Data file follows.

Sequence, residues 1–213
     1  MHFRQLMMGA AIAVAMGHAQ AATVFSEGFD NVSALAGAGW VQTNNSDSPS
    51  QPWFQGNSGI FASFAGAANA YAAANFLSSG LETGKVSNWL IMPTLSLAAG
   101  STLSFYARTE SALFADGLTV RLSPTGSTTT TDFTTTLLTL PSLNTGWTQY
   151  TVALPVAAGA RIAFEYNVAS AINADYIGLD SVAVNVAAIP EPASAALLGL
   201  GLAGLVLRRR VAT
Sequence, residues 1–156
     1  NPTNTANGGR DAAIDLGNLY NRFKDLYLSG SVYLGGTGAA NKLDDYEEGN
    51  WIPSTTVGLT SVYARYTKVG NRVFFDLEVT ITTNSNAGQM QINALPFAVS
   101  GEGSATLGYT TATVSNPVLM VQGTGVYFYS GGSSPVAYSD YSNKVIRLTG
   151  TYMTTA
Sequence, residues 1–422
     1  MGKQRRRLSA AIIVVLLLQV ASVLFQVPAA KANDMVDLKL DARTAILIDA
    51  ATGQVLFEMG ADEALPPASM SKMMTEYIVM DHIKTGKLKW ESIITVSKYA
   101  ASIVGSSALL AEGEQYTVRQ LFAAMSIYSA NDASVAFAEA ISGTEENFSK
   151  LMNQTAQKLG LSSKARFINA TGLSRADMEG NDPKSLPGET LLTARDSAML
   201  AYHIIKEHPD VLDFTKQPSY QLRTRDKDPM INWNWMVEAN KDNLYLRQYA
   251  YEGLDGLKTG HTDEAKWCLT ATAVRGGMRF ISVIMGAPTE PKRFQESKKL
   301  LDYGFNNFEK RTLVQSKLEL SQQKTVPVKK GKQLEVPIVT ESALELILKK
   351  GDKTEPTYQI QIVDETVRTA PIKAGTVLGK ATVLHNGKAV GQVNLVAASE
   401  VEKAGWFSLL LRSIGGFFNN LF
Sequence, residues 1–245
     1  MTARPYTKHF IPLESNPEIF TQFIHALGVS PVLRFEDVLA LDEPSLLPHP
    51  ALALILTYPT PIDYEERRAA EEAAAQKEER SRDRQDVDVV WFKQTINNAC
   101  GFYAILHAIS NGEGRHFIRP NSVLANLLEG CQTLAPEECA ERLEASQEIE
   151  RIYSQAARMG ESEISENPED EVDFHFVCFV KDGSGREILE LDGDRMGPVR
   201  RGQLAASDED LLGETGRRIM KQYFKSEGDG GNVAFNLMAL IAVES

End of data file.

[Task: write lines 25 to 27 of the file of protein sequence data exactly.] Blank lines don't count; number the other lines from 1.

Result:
   101  GFYAILHAIS NGEGRHFIRP NSVLANLLEG CQTLAPEECA ERLEASQEIE
   151  RIYSQAARMG ESEISENPED EVDFHFVCFV KDGSGREILE LDGDRMGPVR
   201  RGQLAASDED LLGETGRRIM KQYFKSEGDG GNVAFNLMAL IAVES